Film blames cable for piracy

Biz calls for crackdown on cassette thieves

NEW DELHI — The Indian film industry has for the past several years been waging a war on film piracy — and now it is fingering cowboy cable operators.

On Tuesday, protesters — from clap boys to superstars — marched from Mehboob studios in suburban Bandra to Azad Maidan in Bombay to focus attention on a problem that they complain is siphoning off revenue from the world of celluloid.

G.P. Shirke, chairman of the Film Makers’ Combine, said that within a couple of days of the release of a film, it is often shown on cable TV. In some cases, pirated cassettes of the latest films were in circulation even before the formal release of the movie.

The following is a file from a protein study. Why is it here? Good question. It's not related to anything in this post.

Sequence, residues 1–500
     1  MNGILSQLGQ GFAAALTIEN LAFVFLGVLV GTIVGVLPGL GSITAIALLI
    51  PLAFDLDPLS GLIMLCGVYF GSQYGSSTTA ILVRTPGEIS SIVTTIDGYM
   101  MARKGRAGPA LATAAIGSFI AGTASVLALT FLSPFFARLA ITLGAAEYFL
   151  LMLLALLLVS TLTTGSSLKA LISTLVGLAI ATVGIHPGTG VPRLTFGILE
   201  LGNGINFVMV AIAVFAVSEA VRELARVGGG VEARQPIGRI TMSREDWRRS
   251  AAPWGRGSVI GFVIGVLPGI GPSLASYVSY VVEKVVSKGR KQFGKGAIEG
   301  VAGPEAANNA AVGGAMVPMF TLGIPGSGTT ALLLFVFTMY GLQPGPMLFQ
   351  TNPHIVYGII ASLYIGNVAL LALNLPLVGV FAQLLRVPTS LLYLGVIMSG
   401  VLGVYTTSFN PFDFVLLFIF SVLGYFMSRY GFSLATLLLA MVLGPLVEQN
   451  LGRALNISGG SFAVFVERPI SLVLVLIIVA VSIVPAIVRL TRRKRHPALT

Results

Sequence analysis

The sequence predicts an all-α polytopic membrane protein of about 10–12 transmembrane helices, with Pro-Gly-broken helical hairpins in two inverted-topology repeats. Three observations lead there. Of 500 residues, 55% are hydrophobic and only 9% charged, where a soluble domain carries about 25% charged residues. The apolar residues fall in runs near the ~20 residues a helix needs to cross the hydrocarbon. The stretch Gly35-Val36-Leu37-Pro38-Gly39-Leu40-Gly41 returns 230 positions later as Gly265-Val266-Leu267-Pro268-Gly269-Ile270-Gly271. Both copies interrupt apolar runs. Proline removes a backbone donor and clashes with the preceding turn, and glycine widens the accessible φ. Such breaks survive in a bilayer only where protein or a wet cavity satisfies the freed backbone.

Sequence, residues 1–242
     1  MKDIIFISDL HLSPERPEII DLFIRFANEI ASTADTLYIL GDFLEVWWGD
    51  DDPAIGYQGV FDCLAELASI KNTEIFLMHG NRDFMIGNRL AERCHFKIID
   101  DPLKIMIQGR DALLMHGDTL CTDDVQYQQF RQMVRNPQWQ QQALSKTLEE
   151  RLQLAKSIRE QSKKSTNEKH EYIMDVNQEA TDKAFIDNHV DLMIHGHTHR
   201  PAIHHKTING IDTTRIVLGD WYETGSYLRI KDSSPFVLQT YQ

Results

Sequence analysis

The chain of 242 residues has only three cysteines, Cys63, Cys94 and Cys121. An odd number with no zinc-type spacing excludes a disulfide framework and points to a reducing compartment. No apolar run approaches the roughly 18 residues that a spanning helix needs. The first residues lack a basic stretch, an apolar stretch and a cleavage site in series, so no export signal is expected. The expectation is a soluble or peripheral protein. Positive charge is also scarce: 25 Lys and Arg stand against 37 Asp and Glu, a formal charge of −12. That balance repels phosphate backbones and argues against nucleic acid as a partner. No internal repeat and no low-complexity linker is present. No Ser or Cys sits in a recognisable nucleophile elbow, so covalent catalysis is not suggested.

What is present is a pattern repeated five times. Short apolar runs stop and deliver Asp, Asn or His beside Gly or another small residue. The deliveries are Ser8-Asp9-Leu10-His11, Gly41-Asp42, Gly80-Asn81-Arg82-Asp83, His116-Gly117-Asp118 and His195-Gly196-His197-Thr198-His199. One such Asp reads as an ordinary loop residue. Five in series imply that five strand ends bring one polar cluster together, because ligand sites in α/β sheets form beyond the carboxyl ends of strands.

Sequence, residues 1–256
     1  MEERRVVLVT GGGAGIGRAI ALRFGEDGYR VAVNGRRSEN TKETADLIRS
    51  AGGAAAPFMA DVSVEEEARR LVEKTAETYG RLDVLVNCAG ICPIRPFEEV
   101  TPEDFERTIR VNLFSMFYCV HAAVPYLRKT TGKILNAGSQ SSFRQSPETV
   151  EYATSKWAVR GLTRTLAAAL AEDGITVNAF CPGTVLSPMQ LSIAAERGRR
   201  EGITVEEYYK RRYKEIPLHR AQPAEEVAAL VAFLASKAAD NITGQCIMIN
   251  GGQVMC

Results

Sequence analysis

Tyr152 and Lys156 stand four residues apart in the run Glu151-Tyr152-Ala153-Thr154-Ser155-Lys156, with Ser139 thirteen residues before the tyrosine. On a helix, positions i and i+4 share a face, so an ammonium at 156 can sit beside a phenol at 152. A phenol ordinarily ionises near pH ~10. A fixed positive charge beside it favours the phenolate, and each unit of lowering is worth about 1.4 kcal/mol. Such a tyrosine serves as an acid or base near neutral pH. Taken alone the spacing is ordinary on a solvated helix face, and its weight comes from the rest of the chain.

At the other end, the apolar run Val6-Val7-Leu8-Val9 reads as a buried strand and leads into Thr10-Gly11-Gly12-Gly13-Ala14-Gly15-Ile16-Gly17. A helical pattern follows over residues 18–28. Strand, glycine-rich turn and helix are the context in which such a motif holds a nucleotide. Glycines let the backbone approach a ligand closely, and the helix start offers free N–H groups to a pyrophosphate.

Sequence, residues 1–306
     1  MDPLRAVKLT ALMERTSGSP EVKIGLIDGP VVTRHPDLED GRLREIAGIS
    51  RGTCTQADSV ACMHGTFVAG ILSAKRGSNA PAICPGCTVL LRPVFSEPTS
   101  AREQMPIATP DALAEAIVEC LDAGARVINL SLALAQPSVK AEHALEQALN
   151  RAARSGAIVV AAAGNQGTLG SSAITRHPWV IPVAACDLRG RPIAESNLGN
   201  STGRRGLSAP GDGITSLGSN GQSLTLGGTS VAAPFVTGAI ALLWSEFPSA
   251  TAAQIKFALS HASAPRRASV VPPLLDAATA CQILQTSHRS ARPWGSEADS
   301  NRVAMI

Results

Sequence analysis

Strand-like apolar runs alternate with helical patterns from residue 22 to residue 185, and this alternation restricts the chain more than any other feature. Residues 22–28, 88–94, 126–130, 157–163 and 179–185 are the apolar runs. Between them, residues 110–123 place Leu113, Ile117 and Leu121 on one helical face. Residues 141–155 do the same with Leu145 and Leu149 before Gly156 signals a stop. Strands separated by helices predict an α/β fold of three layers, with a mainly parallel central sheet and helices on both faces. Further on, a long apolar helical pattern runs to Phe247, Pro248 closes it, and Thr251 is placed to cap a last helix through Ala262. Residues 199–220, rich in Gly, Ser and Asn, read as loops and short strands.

“At this rate, who will go to the cinema?” he asked. The industryites say that if the authorities get tough with the pirates, then the problem can be solved.

Film producers and distribs have appointed agents to track down cable operators who show pirated cassettes.

A film industry representative alleged that large cable operators were indulging in the illegal practice of screening films in violation of the copyright laws.

“The pirated cassettes are procured by the operators from overseas distributors to whom the producers have sold their film before the release of the film. These are then smuggled into the country and shown over cable networks,” the representative said.

Jagjit Singh Kohli, president of a large cable MSO called In Cablenet, said: “We pay large sums to buy copyrights of films. If films are screened illegally by other cable operators, we too suffer huge losses.”

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